Scene Last Night: Sadaka, Kingdon, Coleman, Tisch, Stipe, GerwigAmanda Gordon
A hospital, a museum and a public broadcaster walked into a bar last night after their galas. They were eager to boast.
“You should have seen Carole King sing ‘Natural Woman,’” said Mr. New York-Presbyterian, loosening his bow tie.
“Pshaw,” said balding Thirteen (the New York PBS station), sporting a gray suit and yellow tie. “We had Charlie Rose interview our honorees, taped in his studio. And by the way, Carole King and James Taylor performed for our American Masters series. Make a gift and we’ll send you the DVD -- I’ll throw in a tote bag.”
The New Museum blonde, in a red lace Valentino jumpsuit, rolled her eyes. “You think you guys know how to party?”
The bartender shrugged. He preferred eavesdropping on the analyst on a date at the other end of the bar.
The New York-Presbyterian event could have been a date night for Tiger Global Management LLC founder Chase Coleman had his wife, Stephanie Coleman, not been distracted by her responsibilities as a gala chairwoman and hospital board member. She posed for photos with Steven Corwin, chief executive officer of the hospital.
Hedge-fund managers Ned Sadaka of Para Advisors Inc. and Mark Kingdon of Kingdon Capital Management were at the Thirteen benefit at Cipriani 42nd Street. Thirteen’s chairman, Loews Corp. CEO James Tisch, walked to the lectern to the tune of “Hail to the Chief,” before doing it again after asking guests to stand for his entrance. (He’s been watching “House of Cards,” though he swore he’d only started watching the new season after finishing the most recent “Downton Abbey.”)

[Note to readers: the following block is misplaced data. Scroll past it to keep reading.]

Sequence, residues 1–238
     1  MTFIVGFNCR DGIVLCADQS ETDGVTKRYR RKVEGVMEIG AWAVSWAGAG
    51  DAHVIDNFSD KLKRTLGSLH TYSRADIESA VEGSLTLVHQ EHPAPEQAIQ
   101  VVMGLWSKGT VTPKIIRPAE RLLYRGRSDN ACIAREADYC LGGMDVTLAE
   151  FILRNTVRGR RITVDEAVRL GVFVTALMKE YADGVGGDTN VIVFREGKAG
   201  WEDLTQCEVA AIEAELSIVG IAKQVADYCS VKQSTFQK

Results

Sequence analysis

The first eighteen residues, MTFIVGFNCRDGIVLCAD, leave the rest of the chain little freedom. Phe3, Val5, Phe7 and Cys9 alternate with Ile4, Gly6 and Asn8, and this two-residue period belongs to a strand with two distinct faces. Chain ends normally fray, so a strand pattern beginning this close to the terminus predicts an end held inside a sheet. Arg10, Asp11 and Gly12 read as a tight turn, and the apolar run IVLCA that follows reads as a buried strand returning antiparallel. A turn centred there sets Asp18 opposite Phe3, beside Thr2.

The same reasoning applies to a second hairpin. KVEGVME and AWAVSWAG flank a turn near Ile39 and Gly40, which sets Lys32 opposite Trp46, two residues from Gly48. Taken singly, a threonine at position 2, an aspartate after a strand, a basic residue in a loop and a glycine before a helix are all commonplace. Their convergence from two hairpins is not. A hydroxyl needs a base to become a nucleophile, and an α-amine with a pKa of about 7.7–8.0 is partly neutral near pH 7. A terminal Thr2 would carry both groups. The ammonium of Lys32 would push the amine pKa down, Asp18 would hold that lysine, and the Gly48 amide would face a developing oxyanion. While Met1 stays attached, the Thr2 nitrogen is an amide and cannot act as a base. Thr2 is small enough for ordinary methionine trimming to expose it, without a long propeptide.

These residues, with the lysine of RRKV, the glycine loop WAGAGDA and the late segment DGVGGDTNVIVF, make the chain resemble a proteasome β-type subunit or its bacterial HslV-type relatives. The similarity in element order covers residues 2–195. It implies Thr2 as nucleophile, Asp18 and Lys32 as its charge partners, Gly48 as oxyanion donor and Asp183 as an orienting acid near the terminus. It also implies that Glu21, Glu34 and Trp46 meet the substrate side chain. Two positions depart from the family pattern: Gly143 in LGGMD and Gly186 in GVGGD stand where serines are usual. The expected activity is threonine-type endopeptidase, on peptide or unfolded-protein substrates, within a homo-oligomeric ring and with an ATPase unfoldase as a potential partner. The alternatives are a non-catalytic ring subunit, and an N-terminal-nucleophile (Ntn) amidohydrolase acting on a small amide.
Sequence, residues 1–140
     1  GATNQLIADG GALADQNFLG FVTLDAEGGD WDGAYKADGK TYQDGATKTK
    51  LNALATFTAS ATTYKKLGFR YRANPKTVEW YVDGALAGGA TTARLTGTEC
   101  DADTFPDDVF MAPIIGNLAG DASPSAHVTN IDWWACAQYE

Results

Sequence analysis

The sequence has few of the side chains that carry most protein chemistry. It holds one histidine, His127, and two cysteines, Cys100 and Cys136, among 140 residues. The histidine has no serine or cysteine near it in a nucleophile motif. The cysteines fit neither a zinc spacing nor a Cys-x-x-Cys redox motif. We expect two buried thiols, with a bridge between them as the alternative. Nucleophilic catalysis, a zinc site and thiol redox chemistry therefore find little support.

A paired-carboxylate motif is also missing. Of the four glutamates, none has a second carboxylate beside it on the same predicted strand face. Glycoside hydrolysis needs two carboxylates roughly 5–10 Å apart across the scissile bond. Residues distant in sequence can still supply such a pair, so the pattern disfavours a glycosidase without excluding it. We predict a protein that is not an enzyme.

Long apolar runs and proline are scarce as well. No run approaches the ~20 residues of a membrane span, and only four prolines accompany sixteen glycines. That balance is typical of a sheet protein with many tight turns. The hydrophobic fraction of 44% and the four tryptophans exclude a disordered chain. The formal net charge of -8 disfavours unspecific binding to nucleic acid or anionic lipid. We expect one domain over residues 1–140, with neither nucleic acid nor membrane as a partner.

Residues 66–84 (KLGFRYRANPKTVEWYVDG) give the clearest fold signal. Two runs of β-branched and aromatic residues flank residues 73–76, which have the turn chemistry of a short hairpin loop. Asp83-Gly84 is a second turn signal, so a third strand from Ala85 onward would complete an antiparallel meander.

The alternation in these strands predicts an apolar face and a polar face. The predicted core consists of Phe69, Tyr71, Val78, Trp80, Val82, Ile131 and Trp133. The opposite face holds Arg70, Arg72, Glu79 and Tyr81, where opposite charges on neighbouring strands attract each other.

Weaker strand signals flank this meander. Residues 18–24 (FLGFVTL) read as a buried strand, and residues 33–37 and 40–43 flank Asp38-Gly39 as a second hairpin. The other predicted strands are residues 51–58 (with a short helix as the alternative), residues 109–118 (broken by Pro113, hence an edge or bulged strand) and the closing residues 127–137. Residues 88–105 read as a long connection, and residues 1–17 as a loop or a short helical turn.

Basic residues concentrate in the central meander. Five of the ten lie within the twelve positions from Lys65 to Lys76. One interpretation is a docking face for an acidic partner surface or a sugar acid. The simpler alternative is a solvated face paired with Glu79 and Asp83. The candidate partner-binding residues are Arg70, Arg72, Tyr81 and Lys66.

Carson is the Downton favorite of both Neal Shapiro, Thirteen’s president, and Ken Chenault, chairman and CEO of American Express Co.
“Because he’s a complicated character, though he seems very simple,” Chenault said of the butler in charge of the house staff. “It’s a lesson in life. We make judgments about people.”
“I like that he tries to work within the system, but he also figures out how to adapt to changes,” Shapiro said.
Honoree Cheryl Milstein, a Thirteen board member, said she liked the “Treasures of New York” series, which focuses on New York buildings.
Two Ferraris were parked outside Cipriani Wall Street for The New Museum gala, where the theme was “Red or Racy.”
Financiers and lawyers mostly passed on the theme. Those who embraced it included R.E.M. singer Michael Stipe and New Museum director Lisa Phillips.
Actress Greta Gerwig and Stefano Tonchi, the editor of W magazine, sat with painter Alex Katz. Cindy Sherman caught up with honoree Annabelle Selldorf, the architect who advised her on renovating a 19th-century farmhouse in the Hamptons.
Sculptor Lynda Benglis used her honoree-acceptance speech to praise the marble quarries and craftsmanship of the Kiran Trivedi Group, whose chairman and design director were present.
Some guests popped up from their seats to watch Simon de Pury ratchet up the bids for a portrait session in Tokyo with Takashi Murakami (they climbed past $350,000).
Then singer-songwriter Lykke Li mellowed guests with her smoky voice, previewing songs from her album out next month. She’s also starring in a movie, “Tommy,” directed by fellow Swede Tarik Saleh.
“Never heard of her,” balding Thirteen and tuxedoed Mr. New York-Presbyterian said in unison. The bartender flirted with the New Museum blonde. If he played his cards right, maybe he’d get to go to the party next year.